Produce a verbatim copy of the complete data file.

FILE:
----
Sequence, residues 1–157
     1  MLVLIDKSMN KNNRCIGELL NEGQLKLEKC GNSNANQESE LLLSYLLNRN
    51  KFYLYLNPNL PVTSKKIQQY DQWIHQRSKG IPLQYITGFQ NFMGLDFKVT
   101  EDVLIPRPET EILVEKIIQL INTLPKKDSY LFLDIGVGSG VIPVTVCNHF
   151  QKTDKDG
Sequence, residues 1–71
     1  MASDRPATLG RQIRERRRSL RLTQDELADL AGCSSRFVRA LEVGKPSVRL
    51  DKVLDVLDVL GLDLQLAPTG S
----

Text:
Sequence, residues 1–157
     1  MLVLIDKSMN KNNRCIGELL NEGQLKLEKC GNSNANQESE LLLSYLLNRN
    51  KFYLYLNPNL PVTSKKIQQY DQWIHQRSKG IPLQYITGFQ NFMGLDFKVT
   101  EDVLIPRPET EILVEKIIQL INTLPKKDSY LFLDIGVGSG VIPVTVCNHF
   151  QKTDKDG
Sequence, residues 1–71
     1  MASDRPATLG RQIRERRRSL RLTQDELADL AGCSSRFVRA LEVGKPSVRL
    51  DKVLDVLDVL GLDLQLAPTG S